Editor Frederic G. Cassidy and associate editior Joan Houston Hall have an appetite for American dialect suited to their painstaking work on what may be the great reference work of our age...But while the OED's English is like Latin--a linguistic fossil bed--DARE documents a living, mutable language...DARE offers delights on every page, the taxonomy of 10,000 fanciful American constructions,turns of phrase and words that don't mean what you think. - David Medaris, Isthmus
[A] green pasture of language, perfect for browsing by a lover of words. - James Kilpatrick, Chicago Sun-Times
The dictionary [is] very easy to read and to interpret. The senses were clearly delineated, and the quotations aptly chosen...One very wise practice was the use of a double dagger "to indicate a word or sense of questionable genuineness"...An editor who had chosen not to include such items might have deprived future dialectologists of potentially important data should they happen to come across these words later...DARE has indeed become an indispensable resource for the study of American English, "a routine starting point for current and future dialect studies" (Wolfram, American Speech, 1985). - Betty S. Phillips, American Speech
The most comprehensive collection of America's regional lexis...The third volume is, as its predecessors before it, a rich mine of information, impeccably edited and printed and a joy to read. We are looking forward to the volumes still to come, hoping they will be published soon. - Indogermanische Forschungen
Devotees of verbal arcana have never been given a richer browsing ground. But while they are discovering that a blind tiger is a place to buy and drink moonshine, or that there are 176 names for dust balls under the bed, they are also bound to be awed by the dictionary's staggering scholarship. - Ezra Bowen, Time
A flat-out excellent continuation of the first volume...DARE must be seen as having an influence on the field of lexicography when editors of other dictionaries look to it for guidance. This type of influence previously has been seen rarely, outside of the pervasive influence exercised by the OED...The makers of DARE, from Cassidy to copy editor, can rest assured that their work will long be used and held valuable by the American contingent of humanity. - Thomas L. Clark, American Speech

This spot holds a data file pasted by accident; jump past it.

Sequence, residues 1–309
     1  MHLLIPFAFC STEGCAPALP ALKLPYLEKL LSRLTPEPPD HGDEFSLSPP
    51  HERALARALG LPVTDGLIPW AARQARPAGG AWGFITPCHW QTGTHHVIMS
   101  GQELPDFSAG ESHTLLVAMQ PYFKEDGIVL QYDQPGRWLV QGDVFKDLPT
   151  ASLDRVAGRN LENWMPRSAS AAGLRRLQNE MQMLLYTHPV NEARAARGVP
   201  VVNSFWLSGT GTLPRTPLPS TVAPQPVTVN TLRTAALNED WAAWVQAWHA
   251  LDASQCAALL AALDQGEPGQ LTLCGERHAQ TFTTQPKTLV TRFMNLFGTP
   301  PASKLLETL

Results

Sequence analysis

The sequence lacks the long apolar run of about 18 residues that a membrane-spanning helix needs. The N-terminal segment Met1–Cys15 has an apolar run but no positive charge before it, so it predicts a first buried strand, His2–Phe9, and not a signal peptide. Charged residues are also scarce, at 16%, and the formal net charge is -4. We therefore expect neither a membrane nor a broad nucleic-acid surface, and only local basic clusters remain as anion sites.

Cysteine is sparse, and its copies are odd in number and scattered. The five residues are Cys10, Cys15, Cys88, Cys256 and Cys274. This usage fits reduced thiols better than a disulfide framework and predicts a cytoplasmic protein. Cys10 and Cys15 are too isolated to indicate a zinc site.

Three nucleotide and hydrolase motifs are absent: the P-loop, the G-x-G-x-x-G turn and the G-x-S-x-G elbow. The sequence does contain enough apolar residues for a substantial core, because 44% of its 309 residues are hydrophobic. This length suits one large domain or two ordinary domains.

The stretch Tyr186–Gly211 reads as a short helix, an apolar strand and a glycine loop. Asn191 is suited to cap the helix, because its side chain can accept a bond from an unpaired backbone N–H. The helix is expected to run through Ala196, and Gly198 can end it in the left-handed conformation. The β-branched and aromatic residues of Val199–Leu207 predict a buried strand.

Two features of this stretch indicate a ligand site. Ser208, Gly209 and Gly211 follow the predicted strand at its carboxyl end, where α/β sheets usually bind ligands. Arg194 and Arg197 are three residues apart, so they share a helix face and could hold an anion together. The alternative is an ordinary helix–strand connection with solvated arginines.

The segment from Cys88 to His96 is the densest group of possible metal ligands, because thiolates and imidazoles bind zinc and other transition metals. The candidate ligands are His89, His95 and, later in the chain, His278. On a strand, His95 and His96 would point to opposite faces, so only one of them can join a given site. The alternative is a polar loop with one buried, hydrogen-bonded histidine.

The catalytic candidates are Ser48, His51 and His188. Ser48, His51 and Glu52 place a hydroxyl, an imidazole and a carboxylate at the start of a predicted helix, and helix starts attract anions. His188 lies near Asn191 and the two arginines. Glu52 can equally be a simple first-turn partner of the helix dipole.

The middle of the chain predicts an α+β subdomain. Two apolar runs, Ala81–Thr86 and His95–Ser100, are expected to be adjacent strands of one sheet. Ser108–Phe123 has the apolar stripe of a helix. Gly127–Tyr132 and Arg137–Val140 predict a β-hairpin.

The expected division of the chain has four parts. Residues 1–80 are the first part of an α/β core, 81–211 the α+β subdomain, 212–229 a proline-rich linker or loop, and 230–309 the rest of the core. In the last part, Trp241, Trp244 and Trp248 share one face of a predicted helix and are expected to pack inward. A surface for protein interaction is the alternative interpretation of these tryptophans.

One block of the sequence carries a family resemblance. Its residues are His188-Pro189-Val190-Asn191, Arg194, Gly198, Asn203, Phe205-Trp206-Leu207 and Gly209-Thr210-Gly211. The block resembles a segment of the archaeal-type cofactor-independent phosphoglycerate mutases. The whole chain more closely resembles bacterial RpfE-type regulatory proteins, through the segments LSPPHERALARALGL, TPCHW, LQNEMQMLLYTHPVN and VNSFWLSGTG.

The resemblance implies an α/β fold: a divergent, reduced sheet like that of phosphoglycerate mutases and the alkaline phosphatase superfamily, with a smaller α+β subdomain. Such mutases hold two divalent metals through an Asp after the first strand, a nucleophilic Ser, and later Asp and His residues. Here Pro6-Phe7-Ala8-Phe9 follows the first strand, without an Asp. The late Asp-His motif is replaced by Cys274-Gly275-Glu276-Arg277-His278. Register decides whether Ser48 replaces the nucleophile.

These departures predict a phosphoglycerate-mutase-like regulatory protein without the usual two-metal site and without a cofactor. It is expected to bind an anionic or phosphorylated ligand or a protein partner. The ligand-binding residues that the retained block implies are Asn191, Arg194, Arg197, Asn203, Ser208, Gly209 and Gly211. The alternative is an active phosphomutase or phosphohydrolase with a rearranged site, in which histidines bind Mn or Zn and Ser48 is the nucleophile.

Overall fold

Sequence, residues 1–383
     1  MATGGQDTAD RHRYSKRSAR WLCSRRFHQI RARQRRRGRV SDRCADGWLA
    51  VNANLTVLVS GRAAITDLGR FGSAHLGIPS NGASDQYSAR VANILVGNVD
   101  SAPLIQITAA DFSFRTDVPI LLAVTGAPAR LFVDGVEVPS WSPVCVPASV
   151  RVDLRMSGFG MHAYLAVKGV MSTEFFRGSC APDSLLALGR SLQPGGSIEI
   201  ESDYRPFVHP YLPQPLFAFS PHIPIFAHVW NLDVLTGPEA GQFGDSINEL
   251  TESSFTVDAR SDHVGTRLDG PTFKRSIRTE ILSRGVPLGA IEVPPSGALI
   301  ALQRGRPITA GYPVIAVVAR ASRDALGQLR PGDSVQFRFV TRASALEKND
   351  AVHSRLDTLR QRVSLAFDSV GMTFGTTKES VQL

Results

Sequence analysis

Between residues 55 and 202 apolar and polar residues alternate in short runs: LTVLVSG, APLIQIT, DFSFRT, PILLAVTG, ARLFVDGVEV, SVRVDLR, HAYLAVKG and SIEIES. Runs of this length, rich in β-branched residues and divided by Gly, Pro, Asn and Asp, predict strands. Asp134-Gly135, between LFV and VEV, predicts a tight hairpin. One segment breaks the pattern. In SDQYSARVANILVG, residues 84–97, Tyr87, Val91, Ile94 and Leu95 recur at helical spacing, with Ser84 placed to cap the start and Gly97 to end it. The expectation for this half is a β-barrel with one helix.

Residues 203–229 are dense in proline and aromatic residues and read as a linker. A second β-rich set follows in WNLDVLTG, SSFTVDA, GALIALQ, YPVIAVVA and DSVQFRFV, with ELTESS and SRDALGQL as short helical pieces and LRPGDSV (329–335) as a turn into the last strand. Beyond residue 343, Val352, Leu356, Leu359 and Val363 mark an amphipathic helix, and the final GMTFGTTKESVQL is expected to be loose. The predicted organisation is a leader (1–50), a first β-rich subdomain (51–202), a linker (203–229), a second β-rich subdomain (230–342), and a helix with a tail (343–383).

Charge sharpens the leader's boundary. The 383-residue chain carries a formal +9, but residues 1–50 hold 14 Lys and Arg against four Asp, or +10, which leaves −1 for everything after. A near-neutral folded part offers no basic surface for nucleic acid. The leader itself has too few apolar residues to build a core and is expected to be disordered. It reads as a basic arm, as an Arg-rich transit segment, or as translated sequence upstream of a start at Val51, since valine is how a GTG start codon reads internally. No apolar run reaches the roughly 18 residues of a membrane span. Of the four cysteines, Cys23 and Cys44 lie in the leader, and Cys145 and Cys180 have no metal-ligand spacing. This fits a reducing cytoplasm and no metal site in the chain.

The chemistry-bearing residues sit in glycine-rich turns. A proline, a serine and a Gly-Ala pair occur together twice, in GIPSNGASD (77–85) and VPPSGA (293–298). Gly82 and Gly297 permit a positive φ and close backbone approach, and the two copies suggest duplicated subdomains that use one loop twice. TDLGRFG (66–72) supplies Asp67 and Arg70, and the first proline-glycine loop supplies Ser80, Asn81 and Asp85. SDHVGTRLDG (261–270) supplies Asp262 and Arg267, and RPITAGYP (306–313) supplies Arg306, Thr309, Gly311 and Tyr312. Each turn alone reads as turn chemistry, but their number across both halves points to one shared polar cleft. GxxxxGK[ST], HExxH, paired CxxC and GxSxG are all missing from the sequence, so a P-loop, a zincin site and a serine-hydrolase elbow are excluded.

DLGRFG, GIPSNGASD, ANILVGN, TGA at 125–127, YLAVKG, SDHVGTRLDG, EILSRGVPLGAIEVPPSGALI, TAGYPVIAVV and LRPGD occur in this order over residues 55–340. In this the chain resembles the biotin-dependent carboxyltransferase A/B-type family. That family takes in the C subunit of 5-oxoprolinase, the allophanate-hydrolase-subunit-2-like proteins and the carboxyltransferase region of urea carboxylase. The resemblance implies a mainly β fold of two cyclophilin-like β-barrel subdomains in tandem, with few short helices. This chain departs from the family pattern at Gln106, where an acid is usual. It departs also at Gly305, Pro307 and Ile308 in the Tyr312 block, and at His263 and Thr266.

Flowerpots and sinkers and cabbage patches fill the fascinating pages of the Dictionary of American Regional English(DARE), whose second volume, D to H, comes out this summer...It is not everyone's idea of fun to cozy up with a dictionary, of course. But this is not just any old reference book. It's a linguistic guide to America, with a little bit of Americana waiting to be discovered on every one of its 1,192 pages. - Rick Horowitz, Miami Herald
In DARE, it's the speakers who get their say. A trip through its pages is part Trivial Pursuit®, part scholarship, and part treasure hunt. - Bob Secter, Los Angeles Times
From dabble (to wash or rinse quickly) right through to hyuh (i.e., here) the Dictionary of American Regional English...catalogs the crazy ways we talked before being mass-commed into a nation of mush-mouths. - Newsweek
Because these volumes are the most complete lexical records we have of the American experience, much of the history and contemporary condition of American society can be found in their pages...We are very fortunate to have DARE; it is not a dictionary; it is a national treasure. - Edward Callary, Language in Society
The content of the DARE volumes is both enlightening and entertaining...Anyone with an interest in American history and life in general will enjoy browsing through this volume. - Kay O. Cornelius, Language and Linguistics